Avoid career suicide via social media

Don't sink your career on social media

Don’t sink your career on social media

I recently heard about a senior exec that’d been blocked from his next great career move due to inane, ‘too much information’ comments he’d made on Facebook. A healthy reminder about the impact social media can have on us professionally as much as it can personally.

“You are CEO of brand you.” (Tom Peters, motivational speaker)

Keep the truly personal, personal: With around half of all recruiters now delving into your brand presence on social media including Twitter, LinkedIn and Facebook, it’s more important than ever to maintain a healthy balance between public vs. private. For instance, just about all of us encounter bad days and challenging experiences. But before posting your negative reactions, pause and consider whether those temporary feelings are something you want to be permanently branded with.

Don’t assume others will differentiate: As I noted in a previous blog on using social media for professional purposes, it’s essential to choose the right social media forums for your online content. Yet you can no longer assume that your strategic segregation of interactions on Twitter vs. LinkedIn vs. Facebook vs. Instagram will be fully adhered to by others.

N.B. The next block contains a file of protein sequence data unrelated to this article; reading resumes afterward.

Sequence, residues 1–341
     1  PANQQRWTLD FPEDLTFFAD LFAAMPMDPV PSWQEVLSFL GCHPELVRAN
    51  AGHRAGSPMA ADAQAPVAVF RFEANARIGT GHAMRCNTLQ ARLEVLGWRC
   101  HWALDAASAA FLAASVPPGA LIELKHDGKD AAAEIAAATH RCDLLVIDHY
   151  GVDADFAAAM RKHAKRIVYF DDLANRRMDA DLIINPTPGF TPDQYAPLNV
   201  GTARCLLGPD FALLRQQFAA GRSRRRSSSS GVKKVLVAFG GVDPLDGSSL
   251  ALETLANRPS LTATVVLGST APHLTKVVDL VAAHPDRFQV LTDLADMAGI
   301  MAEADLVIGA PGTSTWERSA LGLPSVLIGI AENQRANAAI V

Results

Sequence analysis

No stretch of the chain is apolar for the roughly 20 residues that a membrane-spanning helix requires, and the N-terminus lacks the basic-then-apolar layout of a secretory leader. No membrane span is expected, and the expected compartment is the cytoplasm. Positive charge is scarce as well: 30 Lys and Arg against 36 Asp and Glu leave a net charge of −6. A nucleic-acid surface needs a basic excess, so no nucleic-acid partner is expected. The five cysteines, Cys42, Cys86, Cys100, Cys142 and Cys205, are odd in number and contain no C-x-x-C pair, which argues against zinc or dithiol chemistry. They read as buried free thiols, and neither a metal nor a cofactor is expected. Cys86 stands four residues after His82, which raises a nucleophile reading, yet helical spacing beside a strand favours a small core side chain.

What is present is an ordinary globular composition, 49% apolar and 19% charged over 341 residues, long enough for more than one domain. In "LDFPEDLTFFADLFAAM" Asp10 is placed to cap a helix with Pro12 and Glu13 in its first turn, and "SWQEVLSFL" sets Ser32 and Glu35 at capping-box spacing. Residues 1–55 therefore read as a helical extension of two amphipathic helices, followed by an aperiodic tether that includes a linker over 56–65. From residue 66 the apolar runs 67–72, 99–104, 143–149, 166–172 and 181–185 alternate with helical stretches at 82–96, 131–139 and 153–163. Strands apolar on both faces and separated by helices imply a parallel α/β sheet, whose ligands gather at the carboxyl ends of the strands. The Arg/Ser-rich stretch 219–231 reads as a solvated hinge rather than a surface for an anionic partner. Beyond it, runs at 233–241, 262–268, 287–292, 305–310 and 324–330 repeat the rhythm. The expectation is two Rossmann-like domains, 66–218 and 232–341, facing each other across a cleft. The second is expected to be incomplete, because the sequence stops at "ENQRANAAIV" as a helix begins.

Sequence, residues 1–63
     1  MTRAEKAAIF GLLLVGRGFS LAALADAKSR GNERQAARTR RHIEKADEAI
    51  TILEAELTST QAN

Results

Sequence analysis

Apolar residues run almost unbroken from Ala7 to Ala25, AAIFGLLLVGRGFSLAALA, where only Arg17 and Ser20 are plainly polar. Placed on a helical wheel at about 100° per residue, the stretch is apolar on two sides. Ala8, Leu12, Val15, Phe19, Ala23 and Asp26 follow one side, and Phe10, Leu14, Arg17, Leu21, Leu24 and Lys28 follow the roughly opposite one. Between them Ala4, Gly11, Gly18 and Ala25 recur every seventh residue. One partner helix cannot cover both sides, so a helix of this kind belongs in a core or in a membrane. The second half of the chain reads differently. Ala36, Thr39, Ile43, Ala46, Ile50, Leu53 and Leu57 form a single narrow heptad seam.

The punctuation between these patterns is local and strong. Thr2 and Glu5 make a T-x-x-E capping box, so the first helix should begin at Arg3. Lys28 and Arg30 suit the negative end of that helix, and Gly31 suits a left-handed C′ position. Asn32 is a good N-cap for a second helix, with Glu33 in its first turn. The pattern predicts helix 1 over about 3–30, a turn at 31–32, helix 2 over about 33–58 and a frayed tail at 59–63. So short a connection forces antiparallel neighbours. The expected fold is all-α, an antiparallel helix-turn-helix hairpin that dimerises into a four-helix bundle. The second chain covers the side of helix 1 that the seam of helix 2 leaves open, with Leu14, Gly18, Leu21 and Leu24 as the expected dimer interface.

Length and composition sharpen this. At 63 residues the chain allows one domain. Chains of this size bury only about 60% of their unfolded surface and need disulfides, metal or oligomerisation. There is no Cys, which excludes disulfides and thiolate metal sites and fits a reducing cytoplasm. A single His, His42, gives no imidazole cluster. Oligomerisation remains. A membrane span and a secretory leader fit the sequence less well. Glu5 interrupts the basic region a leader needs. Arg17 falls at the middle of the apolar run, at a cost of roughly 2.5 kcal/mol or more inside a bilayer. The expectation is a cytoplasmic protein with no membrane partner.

Facebook conveys professional capacity: A recent study in the Journal of Applied Social Psychology (reported in Time) found that Facebook profiles are often used by recruiters to determine how individuals will behave and react in a workplace setting. It is now recognised as a personal measuring tool that can gauge levels of emotional stability, extroversion, intellectual curiosity and agreeability. This possibly correlates with what you share from others online as much as what you write about yourself.

“Think once before you act, twice before you speak, and three times before you post on Facebook.” (Paul Carrick Brunson, author) 

Blocking could evoke suspicion: When considering how much social media is used to assess employees, also pause before blocking your accounts like Facebook to the general public. When Google reveals to the recruiter you have social media accounts they can’t access, thoughts about what you’re trying to hide could arise. It’s probably better not to have a Facebook account at all if there could be negative implications.


Obviously there are plenty of personal benefits from having a social media presence – but just keep in mind the professional impact your online personal branding can have. Here at Walton’s Words we regularly share tips, advice and learnings on our social media forums, often in relation to social media. If you’d like to hear more, join in and follow us on Twitter, Facebook and Linked via our website links.